“I work at the intersection spirituality and ecology.”
I must have said this a hundred time at our Savannah Earth Day Festival on Saturday, where I sponsored a booth and met many wonderful people who care about our environment. I don’t think many of them came to talk about spirituality or faith or religion or God or the Divine, and many walked right past my signs saying things like “coaching for the soul.” Some looked away hastily and almost ran-walked to escape before I could speak to them.
Thinking about our inner selves is not a thing for many environmentalists. I know this, because for many years I was one. But then there was the woman who said as she signed up on my e-newsletter list, “I haven’t given my e-mail out to anyone else, but this speaks to me. This is what is important.”
I was so happy that she stopped by early, because she was my inspiration for the rest of what was a cold, blustery afternoon in Savannah. She and all the people I spoke with kept me warm from the inside out. As you might imagine, I had the most warming conversation with the rapper, Fire, who stopped by to chat about his spirit animal.
Another woman shared her story of just the day before offering hope to a woman who was afraid that the spiritual avenues she was exploring might take her far from the Christian faith she cherished. We compared notes on how contemplative prayer as a form of meditation is an integral part of our Christian heritage.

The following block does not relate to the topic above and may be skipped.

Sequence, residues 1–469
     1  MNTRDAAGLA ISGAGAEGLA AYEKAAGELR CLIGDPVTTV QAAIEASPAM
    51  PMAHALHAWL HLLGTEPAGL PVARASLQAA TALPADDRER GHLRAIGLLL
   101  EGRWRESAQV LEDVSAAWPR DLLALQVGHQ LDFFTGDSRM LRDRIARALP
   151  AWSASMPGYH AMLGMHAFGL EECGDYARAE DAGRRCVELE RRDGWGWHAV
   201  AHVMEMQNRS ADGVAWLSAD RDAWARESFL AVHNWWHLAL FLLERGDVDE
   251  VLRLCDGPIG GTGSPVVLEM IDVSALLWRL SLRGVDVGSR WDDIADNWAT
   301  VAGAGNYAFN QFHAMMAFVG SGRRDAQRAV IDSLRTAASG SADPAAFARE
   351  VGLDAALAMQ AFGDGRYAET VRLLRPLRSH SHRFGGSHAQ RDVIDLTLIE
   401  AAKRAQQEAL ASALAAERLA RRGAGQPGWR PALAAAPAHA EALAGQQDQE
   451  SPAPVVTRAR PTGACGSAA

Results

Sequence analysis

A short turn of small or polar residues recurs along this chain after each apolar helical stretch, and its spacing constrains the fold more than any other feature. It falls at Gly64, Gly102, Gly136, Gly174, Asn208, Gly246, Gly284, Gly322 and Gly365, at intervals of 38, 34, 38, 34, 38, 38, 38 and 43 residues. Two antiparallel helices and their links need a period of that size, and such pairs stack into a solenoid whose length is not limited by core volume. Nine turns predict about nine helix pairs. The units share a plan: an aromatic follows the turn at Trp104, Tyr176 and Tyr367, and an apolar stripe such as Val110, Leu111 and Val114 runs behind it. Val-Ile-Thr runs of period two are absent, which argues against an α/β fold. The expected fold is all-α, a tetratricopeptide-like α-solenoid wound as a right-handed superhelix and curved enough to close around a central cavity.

And what all of our conversations came down to is that it is impossible to do the work we are called to do on behalf of the world if we have not done the work we need to do within our own selves.
Sure, we can manage for a while to do what seem like good works, but eventually we will burn out the light inside that keeps us working for the right reasons. I call it alignment: lining up our internal motivations with our work in the world. And that’s important for at least two reasons.
The first is that a spiritually healthy person – whatever that looks like – can make better decisions for the sake of others and our earth. The second is the inverse – a spiritually unhealthy person can try to do good things, but find that the action didn’t help or even harmed the people or the planet it was intending to serve. In contemplative speak, we might say that it is far too easy to let our ego get in the way of the work we are truly called to do.
At the end of the day, I had many new contacts, a heart warmed with love, and very achy feet to take me home to ponder it all. Now that’s a good earth day celebration!
How are you celebrating or observing Earth Day this year? Did you do something over the weekend or wait until today, April 22nd, the official celebration? What does Earth Day mean to you? Is it a day to celebrate the earth? Protect it? Share your stories about it? How might your spirituality intersect with your care for the planet or another area of caring that is important to you?
Openings sponsors a book group on eco-spirituality and can bring a retreat on creation care to your spiritual group or community. We can also help you discern how to align your inner life with the work you do in the world. Contact Openings for more information.